Main menu:

History of RPE Thought

Posts by Tag

RSS New from the CCPA

  • 2019 Federal Budget Analysis February 27, 2019
    Watch this space for response and analysis of the federal budget from CCPA staff and our Alternative Federal Budget partners. More information will be added as it is available. Commentary and Analysis  Aim high, spend low: Federal budget 2019 by David MacDonald (CCPA) Organizational Responses Canadian Centre for Policy Alternatives Canadian Union of Public Employees Public Service Alliance […]
    Canadian Centre for Policy Alternatives
  • Boots Riley in Winnipeg May 11 February 22, 2019
    Founder of the political Hip-Hop group The Coup, Boots Riley is a musician, rapper, writer and activist, whose feature film directorial and screenwriting debut — 2018’s celebrated Sorry to Bother You — received the award for Best First Feature at the 2019 Independent Spirit Awards (amongst several other accolades and recognitions). "[A] reflection of the […]
    Canadian Centre for Policy Alternatives
  • CCPA-BC welcomes Emira Mears as new Associate Director February 11, 2019
    This week the Canadian Centre for Policy Alternatives – BC Office is pleased to welcome Emira Mears to our staff team as our newly appointed Associate Director. Emira is an accomplished communications professional, digital strategist and entrepreneur. Through her former company Raised Eyebrow, she has had the opportunity to work with many organizations in the […]
    Canadian Centre for Policy Alternatives
  • Study explores media coverage of pipeline controversies December 14, 2018
    Supporters of fossil fuel infrastructure projects position themselves as friends of working people, framing climate action as antithetical to the more immediately pressing need to protect oil and gas workers’ livelihoods. And as the latest report from the CCPA-BC and Corporate Mapping Project confirms, this framing has become dominant across the media landscape. Focusing on pipeline […]
    Canadian Centre for Policy Alternatives
  • Study highlights ‘uncomfortable truth’ about racism in the job market December 12, 2018
    "Racialized workers in Ontario are significantly more likely to be concentrated in low-wage jobs and face persistent unemployment and earnings gaps compared to white employees — pointing to the “uncomfortable truth” about racism in the job market, according to a new study." Read the Toronto Star's coverage of our updated colour-coded labour market report, released […]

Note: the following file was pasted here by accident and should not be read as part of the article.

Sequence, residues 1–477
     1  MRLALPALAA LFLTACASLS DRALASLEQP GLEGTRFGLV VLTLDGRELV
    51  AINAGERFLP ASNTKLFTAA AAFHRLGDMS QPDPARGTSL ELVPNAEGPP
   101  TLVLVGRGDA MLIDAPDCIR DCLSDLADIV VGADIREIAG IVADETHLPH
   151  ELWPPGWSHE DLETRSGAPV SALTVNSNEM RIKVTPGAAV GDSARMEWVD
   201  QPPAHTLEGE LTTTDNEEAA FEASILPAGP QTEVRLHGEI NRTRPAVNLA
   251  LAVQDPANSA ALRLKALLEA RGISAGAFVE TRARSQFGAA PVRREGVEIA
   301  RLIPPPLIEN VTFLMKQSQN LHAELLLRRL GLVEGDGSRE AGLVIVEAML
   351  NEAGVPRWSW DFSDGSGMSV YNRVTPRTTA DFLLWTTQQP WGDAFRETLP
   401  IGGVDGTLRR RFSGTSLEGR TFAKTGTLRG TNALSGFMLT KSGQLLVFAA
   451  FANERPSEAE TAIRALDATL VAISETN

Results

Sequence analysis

Canadian Centre for Policy Alternatives
Progressive Bloggers

Meta

Recent Blog Posts

Posts by Author

Recent Blog Comments

The Progressive Economics Forum

Call for Nominations: 2012 Galbraith Prize in Economics

In June 2012, the PEF will be awarding the third John Kenneth Galbraith Prize in Economics. Nominations are now open to all PEF members in good standing (if you are a lapsed member or want to join for the first time, click here), and the window for nominations will stay open until January 31, 2012. Just email your nomination, with a short rationale (max. 300 words) to galbraith@progressive-economics.ca.

The Galbraith Prize is only awarded every two years, and the winner must be able to come to Calgary for the Canadian Economics Association meetings to deliver the JK Galbraith Lecture (June 8-10, 2012). The Prize comes with a $2,000 monetary award plus travel and accommodation for Calgary.

As per the terms of reference, the Prize is fairly open-ended, and is “awarded based on a demonstrated contribution combining economic analysis with a commitment to social justice, whose work exemplifies the goals and objectives of the PEF.”

This year’s distinguished panel of judges includes all three past recipients of the Prize:

  • Kari Polanyi Levitt: Professor Emeritus of Economics, McGill University, co-founder of the Canadian Association for the Study of International Development, and author of Silent Surrender and Reclaiming Development.  Co-Winner, 2008 Galbraith Prize.
  • John Loxley: Professor of Economics, University of Manitoba, expert on global financial issues and community and economic development, co-author of Public Service, Private Profits.  Winner of 2010 Galbraith Prize.
  • Mel Watkins: Professor Emeritus of Economics, University of Toronto, peace and aboriginal rights activist, lead author of Foreign Ownership and the Structure of Canadian Industry.  Co-Winner, 2008 Galbraith Prize.
  • Morna Ballantyne: Long-time union activist, Director of Regional Offices for the Public Service Alliance of Canada, and founder of the Union Leadership website (unionleadership.ca).
  • Tony Dean: Former Secretary to the Ontario Cabinet (Ontario’s top civil servant), now Fellow at the School of Public Policy and Government, University of Toronto.

For more information on the Prize and past JK Galbraith Lectures, see the Galbraith Prize page.

 

Enjoy and share:

Write a comment





Related articles